For a few weeks post childbirth, a woman may experience feelings of fatigue, sudden changes in hormones, stress, feelings of isolation, sleep deprivation, and irritability. This is commonly known as the Baby Blues, and affects up to 80% of women. The major distinguishing factors between the Baby Blues and a Postpartum Depression is the timeframe in which the symptoms last, and the severity of those symptoms. If symptoms persist longer than two weeks, and become more severe, it is of the utmost importance to seek medical attention. This group will explore the differences between the Baby Blues and Postpartum Depression, share experiences, identify helpful interventions, and understand when it is important to seek help from a medical professional.
For many people, medication takes care of what therapy cannot cover - the physiology behind the panic. Benzos are a popular option for many, our approach is what to know before you go to the doctor or psychiatry. We will walk through how you can make clear decisions that can protect your addiction recovery while preventing your panic.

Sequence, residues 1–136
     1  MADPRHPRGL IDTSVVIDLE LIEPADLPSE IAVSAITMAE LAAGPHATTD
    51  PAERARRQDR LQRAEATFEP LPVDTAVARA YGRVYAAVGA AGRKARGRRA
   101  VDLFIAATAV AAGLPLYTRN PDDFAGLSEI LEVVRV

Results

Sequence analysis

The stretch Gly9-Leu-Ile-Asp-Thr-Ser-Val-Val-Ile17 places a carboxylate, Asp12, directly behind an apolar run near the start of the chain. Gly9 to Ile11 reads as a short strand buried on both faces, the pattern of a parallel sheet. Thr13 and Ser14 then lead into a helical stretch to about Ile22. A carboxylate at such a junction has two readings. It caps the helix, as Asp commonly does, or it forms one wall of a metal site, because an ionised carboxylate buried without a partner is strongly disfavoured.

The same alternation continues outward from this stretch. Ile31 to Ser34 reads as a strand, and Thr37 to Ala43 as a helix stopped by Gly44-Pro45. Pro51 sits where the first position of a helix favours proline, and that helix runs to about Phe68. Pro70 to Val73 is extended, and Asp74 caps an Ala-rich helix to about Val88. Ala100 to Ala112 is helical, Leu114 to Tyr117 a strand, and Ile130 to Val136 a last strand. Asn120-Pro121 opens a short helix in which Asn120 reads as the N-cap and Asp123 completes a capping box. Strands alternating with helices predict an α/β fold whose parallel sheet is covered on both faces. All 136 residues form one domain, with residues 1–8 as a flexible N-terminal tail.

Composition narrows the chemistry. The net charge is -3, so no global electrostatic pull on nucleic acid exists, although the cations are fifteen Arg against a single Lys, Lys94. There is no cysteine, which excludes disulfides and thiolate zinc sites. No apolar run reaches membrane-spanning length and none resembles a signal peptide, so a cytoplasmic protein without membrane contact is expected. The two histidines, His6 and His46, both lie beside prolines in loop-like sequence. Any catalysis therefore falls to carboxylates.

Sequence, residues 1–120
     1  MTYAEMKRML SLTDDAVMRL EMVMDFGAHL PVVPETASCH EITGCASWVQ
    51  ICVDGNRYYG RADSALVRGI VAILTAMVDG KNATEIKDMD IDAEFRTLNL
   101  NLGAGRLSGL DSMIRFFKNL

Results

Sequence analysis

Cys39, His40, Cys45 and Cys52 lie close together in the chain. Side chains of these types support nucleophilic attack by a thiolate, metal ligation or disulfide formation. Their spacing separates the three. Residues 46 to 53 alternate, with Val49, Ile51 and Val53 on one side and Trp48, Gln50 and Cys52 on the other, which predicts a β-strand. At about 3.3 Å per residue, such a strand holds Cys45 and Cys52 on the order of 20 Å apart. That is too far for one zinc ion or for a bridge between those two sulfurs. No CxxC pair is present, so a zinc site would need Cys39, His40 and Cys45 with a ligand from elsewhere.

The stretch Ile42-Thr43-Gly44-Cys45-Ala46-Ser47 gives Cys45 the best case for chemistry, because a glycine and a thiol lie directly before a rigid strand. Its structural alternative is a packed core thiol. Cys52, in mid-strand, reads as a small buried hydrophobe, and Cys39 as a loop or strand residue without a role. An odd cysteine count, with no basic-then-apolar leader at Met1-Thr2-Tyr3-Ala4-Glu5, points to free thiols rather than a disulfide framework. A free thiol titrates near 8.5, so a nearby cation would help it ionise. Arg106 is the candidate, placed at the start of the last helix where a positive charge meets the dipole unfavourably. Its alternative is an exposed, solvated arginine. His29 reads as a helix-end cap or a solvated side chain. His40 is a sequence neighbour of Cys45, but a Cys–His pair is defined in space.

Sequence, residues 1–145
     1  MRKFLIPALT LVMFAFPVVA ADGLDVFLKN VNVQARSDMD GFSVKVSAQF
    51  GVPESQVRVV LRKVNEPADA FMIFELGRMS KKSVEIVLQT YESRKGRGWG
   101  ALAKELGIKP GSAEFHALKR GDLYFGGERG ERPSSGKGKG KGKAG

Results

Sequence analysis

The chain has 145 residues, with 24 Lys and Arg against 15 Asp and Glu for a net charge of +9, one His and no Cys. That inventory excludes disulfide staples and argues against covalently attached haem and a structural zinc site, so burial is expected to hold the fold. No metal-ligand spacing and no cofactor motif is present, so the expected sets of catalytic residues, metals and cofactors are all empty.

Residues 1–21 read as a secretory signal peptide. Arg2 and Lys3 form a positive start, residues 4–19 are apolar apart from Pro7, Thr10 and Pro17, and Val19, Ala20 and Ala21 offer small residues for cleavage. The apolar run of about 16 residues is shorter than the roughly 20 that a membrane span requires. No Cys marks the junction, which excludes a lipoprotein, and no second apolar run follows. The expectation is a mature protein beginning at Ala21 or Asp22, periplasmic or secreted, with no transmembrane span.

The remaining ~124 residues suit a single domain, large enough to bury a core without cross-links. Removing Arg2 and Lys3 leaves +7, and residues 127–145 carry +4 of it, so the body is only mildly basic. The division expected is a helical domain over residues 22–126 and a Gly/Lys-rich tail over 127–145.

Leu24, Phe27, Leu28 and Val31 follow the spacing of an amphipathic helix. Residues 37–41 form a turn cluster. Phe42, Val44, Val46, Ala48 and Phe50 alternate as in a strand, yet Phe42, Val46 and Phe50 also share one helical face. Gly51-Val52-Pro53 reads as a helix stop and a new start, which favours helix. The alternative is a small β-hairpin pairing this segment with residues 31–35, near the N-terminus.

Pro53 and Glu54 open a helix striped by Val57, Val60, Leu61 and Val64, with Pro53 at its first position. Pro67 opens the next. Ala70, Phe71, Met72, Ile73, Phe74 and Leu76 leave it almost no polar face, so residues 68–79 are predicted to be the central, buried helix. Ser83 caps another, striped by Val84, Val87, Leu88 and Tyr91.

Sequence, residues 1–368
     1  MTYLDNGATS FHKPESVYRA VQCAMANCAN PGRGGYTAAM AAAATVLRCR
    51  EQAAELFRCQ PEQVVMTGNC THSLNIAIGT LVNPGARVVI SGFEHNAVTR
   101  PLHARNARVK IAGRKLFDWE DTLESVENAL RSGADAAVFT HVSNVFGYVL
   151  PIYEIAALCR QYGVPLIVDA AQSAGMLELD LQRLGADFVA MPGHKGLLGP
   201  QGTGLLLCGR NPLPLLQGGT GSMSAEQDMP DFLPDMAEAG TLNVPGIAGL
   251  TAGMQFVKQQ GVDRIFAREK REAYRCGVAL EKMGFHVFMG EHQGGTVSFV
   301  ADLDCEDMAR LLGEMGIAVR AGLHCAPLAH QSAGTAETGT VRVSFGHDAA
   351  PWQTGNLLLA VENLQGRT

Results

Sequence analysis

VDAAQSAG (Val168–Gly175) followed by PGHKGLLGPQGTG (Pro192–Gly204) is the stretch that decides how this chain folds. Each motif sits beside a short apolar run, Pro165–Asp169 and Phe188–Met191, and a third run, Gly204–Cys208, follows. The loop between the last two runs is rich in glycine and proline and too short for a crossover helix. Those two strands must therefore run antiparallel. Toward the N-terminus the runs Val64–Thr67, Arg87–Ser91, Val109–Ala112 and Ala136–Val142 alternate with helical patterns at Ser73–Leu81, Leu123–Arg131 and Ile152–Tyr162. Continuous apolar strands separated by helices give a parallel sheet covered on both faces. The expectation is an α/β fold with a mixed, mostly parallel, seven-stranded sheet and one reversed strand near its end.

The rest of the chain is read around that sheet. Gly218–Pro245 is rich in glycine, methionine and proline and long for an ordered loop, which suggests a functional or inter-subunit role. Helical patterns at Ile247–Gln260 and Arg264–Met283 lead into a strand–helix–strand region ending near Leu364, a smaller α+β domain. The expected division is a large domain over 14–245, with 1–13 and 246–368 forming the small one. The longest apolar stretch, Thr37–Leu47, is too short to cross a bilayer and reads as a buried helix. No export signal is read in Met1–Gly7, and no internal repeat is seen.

While Major Depression Disorder (MDD)—often biochemically based and with genetic roots—can be extremely difficult to navigate and often requires psych meds. However, we will take the approach of “rehabilitation without medication” here is an encouraging statistic: studies show that within four to six weeks of starting treatment more than half of depression sufferers show improvement.